Right-click over the speaker icon by the system clock, then choose “Playback Devices”. Right-click over the 6-Bose-USB Audio then choose “Properties”. Then click the “Advanced” tab. In default format, choose a 44100 Hz option, preferably 2 channels if that is an option. Uncheck the “Exclusive Mode” boxes then apply and OK and OK.
Restart Audacity and set “Project rate” bottom left to 44100 Hz.
Play something you want to record, then record.
If that still errors, try checking the “Exclusive Mode” boxes mentioned above, then restart Audacity.
If that still errors, go to the “Recording” tab of Windows Sound (as above, but choose “Recording Devices” instead of “Playback Devices”). Right-click in empty space and choose “Show disabled devices” then right-click again and check “Show Disconnected Devices”. Do you see “stereo mix” or “what U hear”, or do you see a line-in? I don’t mean a microphone input.
The Speakers Properties / Advanced tab / Default Format shows a box, “16 bit, 48000 Hz (DVD Quality)” but it cannot be changed by the down triangle. The “Test” green arrow produces a series of dings. The Exclusive Mode has 1) “Allow applications to take exclusive control of this device”; & 2) “Give exclusive mode applications priority”. Both were checked. Un-checking the 2 above boxes does nothing. Clicking the “Restore Defaults” box at the bottom simply replaces the two check marks.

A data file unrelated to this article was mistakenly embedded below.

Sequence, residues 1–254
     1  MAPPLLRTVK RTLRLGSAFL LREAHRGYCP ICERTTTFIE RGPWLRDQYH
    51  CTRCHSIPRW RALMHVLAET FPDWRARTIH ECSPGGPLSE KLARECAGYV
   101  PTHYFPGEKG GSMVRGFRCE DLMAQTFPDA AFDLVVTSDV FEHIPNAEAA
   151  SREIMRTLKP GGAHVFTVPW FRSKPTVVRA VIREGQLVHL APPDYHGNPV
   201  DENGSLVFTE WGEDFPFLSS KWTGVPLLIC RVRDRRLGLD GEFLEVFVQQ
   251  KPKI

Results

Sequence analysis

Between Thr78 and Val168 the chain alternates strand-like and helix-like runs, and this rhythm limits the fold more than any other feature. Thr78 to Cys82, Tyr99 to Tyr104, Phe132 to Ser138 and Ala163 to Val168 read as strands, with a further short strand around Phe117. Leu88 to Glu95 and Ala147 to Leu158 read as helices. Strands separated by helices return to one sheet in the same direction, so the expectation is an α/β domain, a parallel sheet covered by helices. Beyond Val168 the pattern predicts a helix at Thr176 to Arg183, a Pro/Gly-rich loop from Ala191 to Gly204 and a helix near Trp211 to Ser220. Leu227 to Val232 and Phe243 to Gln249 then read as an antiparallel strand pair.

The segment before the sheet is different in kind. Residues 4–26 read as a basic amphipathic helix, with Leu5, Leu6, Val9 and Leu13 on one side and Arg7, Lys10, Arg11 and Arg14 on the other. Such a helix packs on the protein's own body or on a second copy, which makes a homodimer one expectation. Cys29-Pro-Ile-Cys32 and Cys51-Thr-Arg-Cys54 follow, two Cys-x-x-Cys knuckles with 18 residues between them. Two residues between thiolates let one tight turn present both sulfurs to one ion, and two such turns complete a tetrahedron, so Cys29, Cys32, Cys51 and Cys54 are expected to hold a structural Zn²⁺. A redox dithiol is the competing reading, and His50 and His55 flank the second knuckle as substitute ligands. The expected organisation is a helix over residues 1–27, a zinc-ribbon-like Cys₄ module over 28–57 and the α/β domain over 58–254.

I then left the 3 Exclusive Mode boxes un-checked and clicked OK & OK. I closed Audacity with the Red X, and restarted. The Project Rate was already 44100 Hz. I played Internet music on the computer speakers, and clicked the Audacity red Record button, and then the same (! Error) message popped up.
Then, as you directed, I went to Sound / Recording and clicked until only ”Stereo Mix, Realtek High Definition Audio, Default Device” showed. Tried again to record, but the exact same (! Error) message popped up !!!
May I email you .jpg files, showing precisely what is displayed on the various boxes you refer to? I have a Snagit program that will take pictures of anything on my monitors. Sorry to be so much trouble. Thank you, Gale.
In that case, try setting 48000 Hz in Audacity project rate bottom left, whichever host you choose in Audacity’s Device Toolbar.
What do you mean by the computer speakers? If you mean the internal speakers and not Bose USB, the correct Audacity setup in Device Toolbar is Host: MME or Windows DirectSound; input device: stereo mix, and project rate 48000 Hz. Or Host: Windows WASAPI; output device: Speakers (Realtek); input device: “Speakers (Realtek) (loopback)” and project rate 48000 Hz.
Did you restart Audacity after that? Again, stereo mix will only record audio playing on the Realtek device.
Do these Bose speakers have a headphones port, and does your computer have a blue line-in port? If so, you can record the speakers that way, choosing the Realtek line-in input, but this depends if you can stop the headphones port shutting off the sound to the main USB speakers.
Or you can try Total Recorder from http://www.highcriteria.com/ . It is a free trial and also has a Windows WASAPI loopback recording choice.
I also suggest you could post the contents of Help > Audio Device Info… top right of Audacity.
It may help if you would post Help > Audio Device Info… as requested.
On the “Playback” tab in Windows “Sound”, right-click over “Bose” and choose Properties. Click the “Advanced” tab. I understand you only have 16-bit 48000 Hz options, but do you have options for number of channels? If so try selecting 2 channels, even if you want to hear 6 channels.